Proud to be British on February 15? That’s what I should have said to Queen Elizabeth II, when I met her several months later. It would have been the perfect thing to say: polite, even flattering, but subversive, honest. Instead, I gave a thoroughly undistinguished performance – worse, I behaved like a fawning imperial courtier. As part of the centenary celebration of the Rhodes scholarships, all Rhodents-in-residence had been invited to Buckingham Palace for an audience with the Queen and Prince Philip. ‘Wear your sherwani!’ everyone had said, but that is where I had put my foot down. I was not going to look like some miserable princeling at the Delhi Durbar, like just another ethnic pawn in Her Majesty’s Commonwealth chess set. So, rather blandly attired in jacket and tie, I went, intending to blend into the background, just to see what it was like. We stood around for an eternity in large state rooms with gilt-framed Renoirs (maybe? I know nothing about art), talking mostly to each other and the occasional palace official and drinking copious amounts of very dilute whisky. Having walked through a succession of such rooms, I staggered around a corner and straight into QEII (I thought she would be at the very end of a long room on a throne and that we would have to walk down a long carpeted aisle and bow low before her, saying ‘I have the honour to be, Madam, Your Majesty’s humble and obedient servant’. I had been practising all sorts of ways in which I might subtly avoid the bowing and scraping, but I simply had not been expecting her to stand near the door like the host at a common dinner party). She held out a white-gloved hand (was I to kiss it?) and smiled at me like a postage stamp, but the evening had begun on a less than graceful note.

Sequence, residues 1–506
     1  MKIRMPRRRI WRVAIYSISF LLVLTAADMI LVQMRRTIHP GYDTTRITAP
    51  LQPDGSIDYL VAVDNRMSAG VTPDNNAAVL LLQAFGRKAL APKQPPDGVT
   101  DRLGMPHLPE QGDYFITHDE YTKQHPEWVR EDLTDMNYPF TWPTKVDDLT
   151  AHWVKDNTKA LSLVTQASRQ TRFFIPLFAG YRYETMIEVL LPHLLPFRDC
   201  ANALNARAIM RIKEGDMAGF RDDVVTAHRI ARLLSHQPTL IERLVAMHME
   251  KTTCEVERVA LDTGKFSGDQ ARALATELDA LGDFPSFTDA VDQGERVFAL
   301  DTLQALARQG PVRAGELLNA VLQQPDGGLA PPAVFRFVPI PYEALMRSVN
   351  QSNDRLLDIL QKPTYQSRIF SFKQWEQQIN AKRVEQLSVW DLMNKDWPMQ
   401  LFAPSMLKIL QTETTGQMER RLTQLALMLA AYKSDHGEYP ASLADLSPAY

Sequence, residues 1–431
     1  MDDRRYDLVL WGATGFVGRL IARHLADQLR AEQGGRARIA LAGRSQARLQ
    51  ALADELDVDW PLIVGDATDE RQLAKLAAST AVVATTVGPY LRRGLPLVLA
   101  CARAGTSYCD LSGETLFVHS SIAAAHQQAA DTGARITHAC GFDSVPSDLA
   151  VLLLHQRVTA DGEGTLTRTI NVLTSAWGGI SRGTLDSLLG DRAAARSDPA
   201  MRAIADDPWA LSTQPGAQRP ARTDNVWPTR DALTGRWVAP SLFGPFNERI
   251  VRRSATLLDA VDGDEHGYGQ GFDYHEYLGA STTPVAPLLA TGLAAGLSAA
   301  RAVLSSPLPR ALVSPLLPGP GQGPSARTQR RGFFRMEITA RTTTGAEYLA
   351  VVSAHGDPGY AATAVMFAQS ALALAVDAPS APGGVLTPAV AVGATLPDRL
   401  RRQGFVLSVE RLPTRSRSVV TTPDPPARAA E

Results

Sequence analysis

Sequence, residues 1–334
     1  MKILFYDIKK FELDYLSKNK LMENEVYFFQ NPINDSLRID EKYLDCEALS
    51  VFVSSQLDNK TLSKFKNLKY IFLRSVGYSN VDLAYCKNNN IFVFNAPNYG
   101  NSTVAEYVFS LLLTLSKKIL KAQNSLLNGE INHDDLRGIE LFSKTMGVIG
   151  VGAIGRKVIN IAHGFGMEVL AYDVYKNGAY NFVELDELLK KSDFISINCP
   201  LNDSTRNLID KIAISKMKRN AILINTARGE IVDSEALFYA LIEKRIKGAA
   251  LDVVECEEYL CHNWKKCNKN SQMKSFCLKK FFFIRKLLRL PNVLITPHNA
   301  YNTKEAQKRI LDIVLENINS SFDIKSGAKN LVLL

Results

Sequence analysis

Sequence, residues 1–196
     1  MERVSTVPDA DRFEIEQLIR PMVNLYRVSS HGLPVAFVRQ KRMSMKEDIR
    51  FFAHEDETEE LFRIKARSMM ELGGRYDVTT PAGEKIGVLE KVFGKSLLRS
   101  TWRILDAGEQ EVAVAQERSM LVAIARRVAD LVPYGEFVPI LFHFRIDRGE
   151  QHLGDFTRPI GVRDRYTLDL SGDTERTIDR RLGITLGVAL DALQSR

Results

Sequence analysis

Later she circulated, surrounded by her ladies-in-waiting. These were larger than life Barbara Cartland-like figures with dazzling smiles and coiffed hair, each of whom could have been a minor celebrity in her own right. It was hard to get a good view of anyone noteworthy as each was surrounded by huddles of chattering, gnawing Rhodents. This was going to be a case of survival of the fittest and after much manoeuvring, the Canadians seemed to have made a breakthrough. Since I was often to be found in the company of these warm friendly creatures from a cold frigid land – and this evening was no exception – I soon found myself in the path of QEII, who was steaming inexorably towards me. I edged forward slightly so that she might dock before me. She did so and looked at me expectantly.